GUTTORM STEANSON, farmer, P. O. East Norway, was born in Norway, October 15, 1833. His father, Ole Steanson, was born in Norway, June 21, 1799, and died in this country October 17, 1866, a farmer. His mother, Ingeborg Olsdatter, was born in Norway July 11, 1798, and died in this country August 20, 1870. Guttorm Steanson was educated in Norway. Farming has always been his occupation. He was married in this county October 3, 1870 to Amelia G. Nelson, who was born in Buchanan County, Mo., July 22, 1849. She was the daughter of Lewis Nelson and Gurine Nelson. They have had six children - Oscar L., born July 4, 1872; Ida G., born September 18, 1873; Silas N., born March 3, 1875; Amelia J., born September 9, 1877; Anna L., born November 12, 1879. Silas N. died August 7, 1881. He is a member of the Lutheran Church. He came to this country July 13, 1850, and settled in this county in the fall of 1858.

C. O. TUCKLESON (sic) should be Turkleson), farmer, P. O. East Norway, was born in Norway, November 18, 1832. His father, Osul Tuckleson, was born in Norway, Europe, 1804 and died in Wisconsin, August, 1874. His occupation was farming. His mother, Asur Christenson, was born in Norway in 1801, and died in Norway in 1850. The subject of this sketch was married in Doniphan County, this State, March 22, 1869. His wife, Rachel D. Speak, was born in Virginia, 1847, and was the daughter of Joseph Speak. He began life as a farmer. He was educated in Norway. They have seven children - Leah A., Mary C., Oscar J., Elizabeth M., Esther, Clarence R., and John. Mr. T. came to this country in 1850, and settled in this county in 1859. He is a member of the Lutheran Church, and votes the Republican ticket.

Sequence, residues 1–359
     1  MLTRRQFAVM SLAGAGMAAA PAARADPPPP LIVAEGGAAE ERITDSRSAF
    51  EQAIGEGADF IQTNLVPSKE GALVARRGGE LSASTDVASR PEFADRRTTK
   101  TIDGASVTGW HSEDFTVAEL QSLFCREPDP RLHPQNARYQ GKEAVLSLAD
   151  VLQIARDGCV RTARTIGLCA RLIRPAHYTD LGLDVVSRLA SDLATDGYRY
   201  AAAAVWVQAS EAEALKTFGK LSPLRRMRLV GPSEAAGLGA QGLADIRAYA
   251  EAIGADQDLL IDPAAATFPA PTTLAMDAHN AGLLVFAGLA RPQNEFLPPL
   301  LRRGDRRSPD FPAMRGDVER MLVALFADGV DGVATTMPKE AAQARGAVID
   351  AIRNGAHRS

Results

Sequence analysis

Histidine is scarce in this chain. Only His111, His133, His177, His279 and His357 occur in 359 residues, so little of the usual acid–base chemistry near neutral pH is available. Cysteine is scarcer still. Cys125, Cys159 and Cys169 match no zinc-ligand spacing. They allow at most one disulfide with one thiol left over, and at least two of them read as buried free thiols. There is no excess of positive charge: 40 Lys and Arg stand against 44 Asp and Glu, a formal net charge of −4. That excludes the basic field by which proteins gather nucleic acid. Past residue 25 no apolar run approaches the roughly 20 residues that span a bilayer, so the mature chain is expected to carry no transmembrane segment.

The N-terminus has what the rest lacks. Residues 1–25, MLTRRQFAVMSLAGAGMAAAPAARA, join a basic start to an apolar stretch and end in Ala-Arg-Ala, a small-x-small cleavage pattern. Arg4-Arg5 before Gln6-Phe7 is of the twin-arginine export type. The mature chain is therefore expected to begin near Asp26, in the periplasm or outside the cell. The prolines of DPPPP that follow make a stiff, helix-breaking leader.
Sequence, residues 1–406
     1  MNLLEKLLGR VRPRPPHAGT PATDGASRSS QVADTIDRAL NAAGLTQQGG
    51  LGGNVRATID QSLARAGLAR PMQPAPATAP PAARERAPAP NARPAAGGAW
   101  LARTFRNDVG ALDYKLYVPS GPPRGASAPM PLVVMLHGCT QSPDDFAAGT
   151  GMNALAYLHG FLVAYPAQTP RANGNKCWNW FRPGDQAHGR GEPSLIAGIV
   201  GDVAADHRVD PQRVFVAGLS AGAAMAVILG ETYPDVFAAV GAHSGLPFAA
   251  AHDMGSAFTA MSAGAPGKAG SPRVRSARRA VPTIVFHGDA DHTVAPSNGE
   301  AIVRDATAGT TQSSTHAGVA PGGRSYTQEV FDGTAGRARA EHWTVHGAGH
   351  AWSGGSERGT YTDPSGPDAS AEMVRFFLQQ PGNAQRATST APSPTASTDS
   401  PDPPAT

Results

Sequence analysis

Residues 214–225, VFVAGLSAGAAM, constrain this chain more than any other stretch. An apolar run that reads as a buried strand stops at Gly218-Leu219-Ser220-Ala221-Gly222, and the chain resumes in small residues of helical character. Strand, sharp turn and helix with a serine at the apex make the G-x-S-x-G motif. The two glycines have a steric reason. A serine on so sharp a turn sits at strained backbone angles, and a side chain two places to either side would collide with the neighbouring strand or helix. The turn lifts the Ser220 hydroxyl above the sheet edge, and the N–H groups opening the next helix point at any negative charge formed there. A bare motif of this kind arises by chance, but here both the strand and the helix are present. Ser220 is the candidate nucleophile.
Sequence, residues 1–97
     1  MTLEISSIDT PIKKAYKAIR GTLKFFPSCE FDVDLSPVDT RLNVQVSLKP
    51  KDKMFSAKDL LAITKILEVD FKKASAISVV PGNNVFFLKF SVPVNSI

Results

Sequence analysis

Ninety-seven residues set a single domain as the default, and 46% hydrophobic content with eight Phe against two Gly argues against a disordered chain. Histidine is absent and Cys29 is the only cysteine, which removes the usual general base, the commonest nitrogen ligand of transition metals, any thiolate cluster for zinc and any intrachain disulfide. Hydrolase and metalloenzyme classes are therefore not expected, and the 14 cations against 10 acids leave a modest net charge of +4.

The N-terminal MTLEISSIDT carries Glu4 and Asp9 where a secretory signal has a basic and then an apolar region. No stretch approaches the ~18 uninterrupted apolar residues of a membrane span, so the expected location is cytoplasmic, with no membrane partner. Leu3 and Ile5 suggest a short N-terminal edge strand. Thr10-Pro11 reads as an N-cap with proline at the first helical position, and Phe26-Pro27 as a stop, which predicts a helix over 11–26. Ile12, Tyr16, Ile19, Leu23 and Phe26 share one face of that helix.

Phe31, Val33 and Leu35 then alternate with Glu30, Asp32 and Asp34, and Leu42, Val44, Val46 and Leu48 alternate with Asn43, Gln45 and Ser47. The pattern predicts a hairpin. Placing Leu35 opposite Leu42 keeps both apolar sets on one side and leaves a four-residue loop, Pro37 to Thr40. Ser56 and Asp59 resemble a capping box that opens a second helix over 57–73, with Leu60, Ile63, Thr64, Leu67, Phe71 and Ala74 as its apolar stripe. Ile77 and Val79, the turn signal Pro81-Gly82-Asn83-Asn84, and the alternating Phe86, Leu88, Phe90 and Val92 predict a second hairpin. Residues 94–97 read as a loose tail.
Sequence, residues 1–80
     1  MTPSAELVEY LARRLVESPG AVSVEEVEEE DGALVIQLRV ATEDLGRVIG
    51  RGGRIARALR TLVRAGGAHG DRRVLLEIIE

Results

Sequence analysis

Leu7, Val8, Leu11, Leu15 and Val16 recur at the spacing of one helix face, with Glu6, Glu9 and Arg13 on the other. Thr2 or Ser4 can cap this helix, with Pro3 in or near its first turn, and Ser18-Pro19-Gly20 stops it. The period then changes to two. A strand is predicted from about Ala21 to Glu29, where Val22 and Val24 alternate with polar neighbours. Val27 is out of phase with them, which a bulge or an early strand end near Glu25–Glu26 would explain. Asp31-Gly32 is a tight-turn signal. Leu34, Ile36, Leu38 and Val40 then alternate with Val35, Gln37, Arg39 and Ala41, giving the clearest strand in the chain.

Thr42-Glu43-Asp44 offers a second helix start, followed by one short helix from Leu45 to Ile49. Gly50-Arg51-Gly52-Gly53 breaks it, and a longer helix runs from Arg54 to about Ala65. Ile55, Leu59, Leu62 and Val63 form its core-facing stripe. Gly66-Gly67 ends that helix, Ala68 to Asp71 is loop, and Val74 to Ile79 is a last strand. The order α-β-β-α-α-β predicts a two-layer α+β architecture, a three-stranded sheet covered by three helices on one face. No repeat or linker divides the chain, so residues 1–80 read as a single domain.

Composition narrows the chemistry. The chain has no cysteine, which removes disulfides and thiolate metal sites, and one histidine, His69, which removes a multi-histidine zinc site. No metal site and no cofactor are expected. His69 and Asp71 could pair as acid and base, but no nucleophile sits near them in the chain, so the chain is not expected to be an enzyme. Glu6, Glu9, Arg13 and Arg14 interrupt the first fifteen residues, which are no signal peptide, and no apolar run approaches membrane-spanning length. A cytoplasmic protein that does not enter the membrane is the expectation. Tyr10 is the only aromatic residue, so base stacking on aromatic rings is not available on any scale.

JOHN H. WYNKOOP, P. O. Brenner, was born in La Porte, Ind., on January 21, 1854. His parents were David Wynkoop, born in Pennsylvania in 1819, and Sarah Hoover, born in Dauphin County, Pa., in 1825. Both parents are still living, and residents of this county. He received his education in LaPorte, Ind., and shortly after came to this county, arriving in 1871. He was married on November 6, 1877, to Miss Nannie Robinson, who is a genuine Kansan, having been born in this county on September 20, 1859. He has one child - Edna M. Wynkoop. Since his arrival in Kansas he has been engaged in farming.

JOHN C. ZIMMERMAN, farmer, P. O. Troy, was born in Frederick County, Md., February 10, 1830. His father, John P. Zimmerman, and his mother Sophia Eichelberger, are both natives of Maryland. The subject of this sketch was educated in Maryland, and at the age of thirty years was married in Doniphan County, Kas., May 24, 1860, to Miss Catherine Lee, who is the daughter of David Lee and Catherine Finney Lee. Mr. Z. is the father of nine children - Walter L., Josephine C., Fannie B., Annie S., Effie G., Issac M., Frederick S., Katie E., Lillie M. Mr. Z. is one of the leading farmers of the township, and is an old settler of this county - 1856. He is a member of the Presbyterian Church, and is a Mason and a Democrat.